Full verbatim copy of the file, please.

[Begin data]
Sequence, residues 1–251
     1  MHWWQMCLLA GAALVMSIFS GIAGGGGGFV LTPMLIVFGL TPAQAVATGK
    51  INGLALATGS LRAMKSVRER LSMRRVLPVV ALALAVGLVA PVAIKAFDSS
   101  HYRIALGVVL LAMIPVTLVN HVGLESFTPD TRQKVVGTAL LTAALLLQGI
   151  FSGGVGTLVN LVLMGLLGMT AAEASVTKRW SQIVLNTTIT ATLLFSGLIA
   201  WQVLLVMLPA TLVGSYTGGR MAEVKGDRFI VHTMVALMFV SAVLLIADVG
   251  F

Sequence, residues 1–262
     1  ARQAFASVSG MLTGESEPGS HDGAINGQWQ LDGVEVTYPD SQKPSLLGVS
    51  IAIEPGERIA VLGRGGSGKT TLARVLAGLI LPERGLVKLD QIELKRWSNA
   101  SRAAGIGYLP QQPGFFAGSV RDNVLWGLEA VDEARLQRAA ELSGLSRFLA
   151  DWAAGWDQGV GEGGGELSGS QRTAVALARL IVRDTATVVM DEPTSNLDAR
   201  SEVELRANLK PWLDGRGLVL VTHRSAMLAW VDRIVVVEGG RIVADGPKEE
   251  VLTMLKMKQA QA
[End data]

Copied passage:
Sequence, residues 1–251
     1  MHWWQMCLLA GAALVMSIFS GIAGGGGGFV LTPMLIVFGL TPAQAVATGK
    51  INGLALATGS LRAMKSVRER LSMRRVLPVV ALALAVGLVA PVAIKAFDSS
   101  HYRIALGVVL LAMIPVTLVN HVGLESFTPD TRQKVVGTAL LTAALLLQGI
   151  FSGGVGTLVN LVLMGLLGMT AAEASVTKRW SQIVLNTTIT ATLLFSGLIA
   201  WQVLLVMLPA TLVGSYTGGR MAEVKGDRFI VHTMVALMFV SAVLLIADVG
   251  F

Sequence, residues 1–262
     1  ARQAFASVSG MLTGESEPGS HDGAINGQWQ LDGVEVTYPD SQKPSLLGVS
    51  IAIEPGERIA VLGRGGSGKT TLARVLAGLI LPERGLVKLD QIELKRWSNA
   101  SRAAGIGYLP QQPGFFAGSV RDNVLWGLEA VDEARLQRAA ELSGLSRFLA
   151  DWAAGWDQGV GEGGGELSGS QRTAVALARL IVRDTATVVM DEPTSNLDAR
   201  SEVELRANLK PWLDGRGLVL VTHRSAMLAW VDRIVVVEGG RIVADGPKEE
   251  VLTMLKMKQA QA